KABUL -- Afghanistan is set to criminalise the practice of "bacha bazi" -- sexual exploitation and abuse of boys -- with a slew of stringent punishments laid out for the first time in a revised penal code, AFP reported Wednesday (February 22).
The move comes after a report last year revealed that the Taliban were exploiting rampant bacha bazi among police ranks to mount deadly insider attacks, exposing a hidden epidemic of kidnapping of young boys for institutionalised sexual slavery.
The revelations intensified longstanding demands by campaigners for Kabul to enact an incisive legal provision to curb bacha bazi -- literally "boy play" -- which has seen a resurgence in post-Taliban Afghanistan.
A raft of punishments will now be listed in Afghanistan's revised penal code -- from up to seven years in jail for sexual assault to capital punishment for "aggravated cases" such as violating more than one boy.
"There is an entire chapter on criminalising the practice in the new penal code," Nader Nadery, a senior adviser to President Ashraf Ghani, told AFP.
"The code is expected to be adopted any time this month. This is going to be a significant step towards stopping this ugly practice."
A draft of the chapter seen by AFP, titled "Driving children towards moral corruption", also states that bacha bazi victims cannot be prosecuted, a significant caveat in a nation where sex assault victims often face punishment.
Afghanistan's criminal law previously only prohibited pederasty and sex outside of marriage, which rights campaigners said did not sufficiently address the problem of bacha bazi.
Aside from police commanders, warlords, politicians and other members of the Afghan elite often keep "bachas" as a symbol of authority and affluence.
The young boys, sometimes dressed effeminately with makeup and bells on their feet, can be used as dancers at private parties and are often sexually exploited.
Bacha bazi is not widely seen as homosexual behaviour -- popularly demonised as a deviant sexual act, prohibited in Islam -- and is largely accepted as a cultural practice.
"Women are for child-rearing, boys are for pleasure" is a common saying across many parts of Afghanistan.
The ancient custom, banned under the Taliban's 1996-2001 rule, is said to be widespread across southern and eastern Afghanistan's rural Pashtun heartland, and with ethnic Tajiks across the northern countryside.
'21st century slaves'
Before the penal code, activists pushed for years for special legislation on bacha bazi, with scant hope of getting it through parliament as they suspect the practice is prevalent among lawmakers themselves.
"I have received calls from MPs that say they will never let a bacha bazi law pass in parliament," said Soraya Sobhrang from the Afghanistan Independent Human Rights Commission. "This is a battle to save 21st century slaves."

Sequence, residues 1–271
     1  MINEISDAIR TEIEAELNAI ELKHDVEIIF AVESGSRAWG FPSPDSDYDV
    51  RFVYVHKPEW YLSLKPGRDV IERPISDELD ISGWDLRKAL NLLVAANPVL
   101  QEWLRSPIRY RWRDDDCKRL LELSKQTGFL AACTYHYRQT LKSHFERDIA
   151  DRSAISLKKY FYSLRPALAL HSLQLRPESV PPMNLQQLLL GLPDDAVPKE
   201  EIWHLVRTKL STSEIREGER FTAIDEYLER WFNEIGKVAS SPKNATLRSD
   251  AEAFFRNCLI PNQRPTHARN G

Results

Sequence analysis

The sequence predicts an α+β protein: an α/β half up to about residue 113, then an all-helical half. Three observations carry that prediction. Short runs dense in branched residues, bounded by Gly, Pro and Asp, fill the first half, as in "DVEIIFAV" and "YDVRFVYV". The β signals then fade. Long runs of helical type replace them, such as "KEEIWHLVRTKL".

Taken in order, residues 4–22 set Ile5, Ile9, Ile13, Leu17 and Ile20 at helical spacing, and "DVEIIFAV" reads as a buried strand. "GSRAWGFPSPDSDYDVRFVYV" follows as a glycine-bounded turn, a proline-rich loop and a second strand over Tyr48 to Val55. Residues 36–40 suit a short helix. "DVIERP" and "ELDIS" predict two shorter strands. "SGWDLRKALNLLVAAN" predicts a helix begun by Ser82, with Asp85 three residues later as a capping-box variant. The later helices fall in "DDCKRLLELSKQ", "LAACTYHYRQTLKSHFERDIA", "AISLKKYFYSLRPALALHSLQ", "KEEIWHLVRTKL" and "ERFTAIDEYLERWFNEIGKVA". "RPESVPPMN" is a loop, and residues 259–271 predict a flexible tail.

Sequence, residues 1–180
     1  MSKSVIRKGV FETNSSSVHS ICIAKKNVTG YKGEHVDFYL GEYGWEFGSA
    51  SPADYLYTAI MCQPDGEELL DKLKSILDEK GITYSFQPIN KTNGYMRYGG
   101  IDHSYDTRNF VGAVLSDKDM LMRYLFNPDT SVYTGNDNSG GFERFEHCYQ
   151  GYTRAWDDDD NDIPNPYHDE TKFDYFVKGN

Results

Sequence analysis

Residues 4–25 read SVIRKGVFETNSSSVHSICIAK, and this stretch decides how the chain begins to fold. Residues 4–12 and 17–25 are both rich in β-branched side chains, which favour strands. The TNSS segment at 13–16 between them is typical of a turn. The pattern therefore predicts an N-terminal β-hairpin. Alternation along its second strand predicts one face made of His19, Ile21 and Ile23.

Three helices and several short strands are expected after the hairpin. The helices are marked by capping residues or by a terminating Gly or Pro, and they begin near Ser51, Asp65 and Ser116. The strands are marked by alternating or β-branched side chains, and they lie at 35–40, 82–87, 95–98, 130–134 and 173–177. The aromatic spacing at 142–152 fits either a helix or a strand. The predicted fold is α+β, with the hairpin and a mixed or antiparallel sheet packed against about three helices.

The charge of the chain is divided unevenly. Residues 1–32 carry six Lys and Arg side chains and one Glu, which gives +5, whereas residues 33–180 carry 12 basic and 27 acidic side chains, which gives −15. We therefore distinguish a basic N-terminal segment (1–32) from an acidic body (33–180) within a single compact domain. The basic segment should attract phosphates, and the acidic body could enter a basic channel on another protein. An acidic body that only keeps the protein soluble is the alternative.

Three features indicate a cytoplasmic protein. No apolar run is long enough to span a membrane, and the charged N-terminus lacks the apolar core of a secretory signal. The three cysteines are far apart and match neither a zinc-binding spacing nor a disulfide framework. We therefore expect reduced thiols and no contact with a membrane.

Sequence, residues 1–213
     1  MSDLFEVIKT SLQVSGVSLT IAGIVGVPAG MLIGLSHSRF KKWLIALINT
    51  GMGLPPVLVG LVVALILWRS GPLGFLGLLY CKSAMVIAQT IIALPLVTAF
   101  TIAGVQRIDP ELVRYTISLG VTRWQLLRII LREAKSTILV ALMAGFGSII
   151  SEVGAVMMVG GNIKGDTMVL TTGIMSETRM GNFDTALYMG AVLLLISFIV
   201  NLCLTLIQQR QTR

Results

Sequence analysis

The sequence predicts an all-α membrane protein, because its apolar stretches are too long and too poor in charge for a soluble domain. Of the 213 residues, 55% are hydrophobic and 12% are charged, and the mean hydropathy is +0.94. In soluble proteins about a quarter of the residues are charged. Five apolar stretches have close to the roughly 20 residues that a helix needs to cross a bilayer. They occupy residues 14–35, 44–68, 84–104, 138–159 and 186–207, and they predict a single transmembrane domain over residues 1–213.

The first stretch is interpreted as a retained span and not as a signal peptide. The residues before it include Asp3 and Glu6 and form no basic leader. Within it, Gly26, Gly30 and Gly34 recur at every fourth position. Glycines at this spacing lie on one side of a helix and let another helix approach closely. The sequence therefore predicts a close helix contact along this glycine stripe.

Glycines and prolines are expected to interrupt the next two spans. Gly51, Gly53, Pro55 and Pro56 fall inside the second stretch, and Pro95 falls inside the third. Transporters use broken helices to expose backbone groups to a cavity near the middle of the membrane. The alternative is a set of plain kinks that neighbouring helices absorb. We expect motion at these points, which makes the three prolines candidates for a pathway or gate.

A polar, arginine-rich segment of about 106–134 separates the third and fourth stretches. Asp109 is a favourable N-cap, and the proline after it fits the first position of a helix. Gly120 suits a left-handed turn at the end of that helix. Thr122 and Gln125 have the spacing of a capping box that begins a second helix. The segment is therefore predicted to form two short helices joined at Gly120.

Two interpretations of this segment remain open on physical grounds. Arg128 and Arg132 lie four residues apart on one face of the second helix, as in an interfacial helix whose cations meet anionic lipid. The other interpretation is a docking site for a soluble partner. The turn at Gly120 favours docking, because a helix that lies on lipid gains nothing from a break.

The penal code is likely to be passed by presidential decree during the on-going parliamentary recess. But Sobhrang worries that some lawmakers may try to water it down when it is later subjected to a parliamentary review.
Afghanistan has a poor record of enforcing similar provisions, including a law to eliminate violence against women and another to ban the recruitment of child soldiers, especially when the perpetrators are powerful.
Tight gender segregation in Afghan society have contributed to the spread of bacha bazi, rights groups say.
Several other factors such as an absence of rule of law, corruption, limited access to justice, illiteracy, poverty, insecurity and the existence of armed groups have also helped the practice spread, the Afghanistan Independent Human Rights Commission (AIHRC) said in a 2014 report.
Bachas are typically aged between 10 and 18. Many of them are kidnapped and sometimes desperate poverty drives their families to sell them to abusers.
Powerful officials connected
Critics have said there appears to be no will to act against abusive security officials involved in the practice.
But growing public scrutiny of the practice, once shrouded in shame and silence, is forcing authorities to act in some areas.
Earlier this month, the government sacked Shah Mirza Panjsheri, police chief of Dasht-i-Archi District in northern Kunduz Province, after a video of his "bacha bazi party" surfaced on social media.
"He was kidnapping young, beautiful boys and forcing them to dance in bacha bazi gatherings," a Kunduz government spokesman told AFP.
"When we heard about this, we dismissed him immediately," he said, adding that Panjsheri was the first high-ranking police official in Kunduz to be sacked for this practice.
Impact on security
Bacha bazi is having a detrimental bearing on the perpetual state of conflict in Afghanistan, helping the Taliban to infiltrate security ranks in provinces such as Uruzgan, officials say.
The abusive practice in security ranks also undermines support for NATO-trained Afghan forces.
"To date, the US has provided over $60 billion in assistance to the Afghan National Defense and Security Forces (ANDSF), including nearly $500 million to the Afghan Local Police," the US Congress said in 2015.
"Predatory sexual behaviour by Afghan soldiers and police could undermine US and Afghan public support for the ANDSF, and put our enormous investment at risk."
The practice also continues to embolden the Taliban's desire to reassert sharia law in Afghanistan and is fuelling their insurgency.
"Such wild abuses of the predatory mujahideen forces in the early 1990s drove the popularity of the austere Taliban, helping them sweep to power across most of the country," a Western official in Kabul told AFP. "Similar behaviour of the government forces after 2001 is also helping to inspire the insurgency."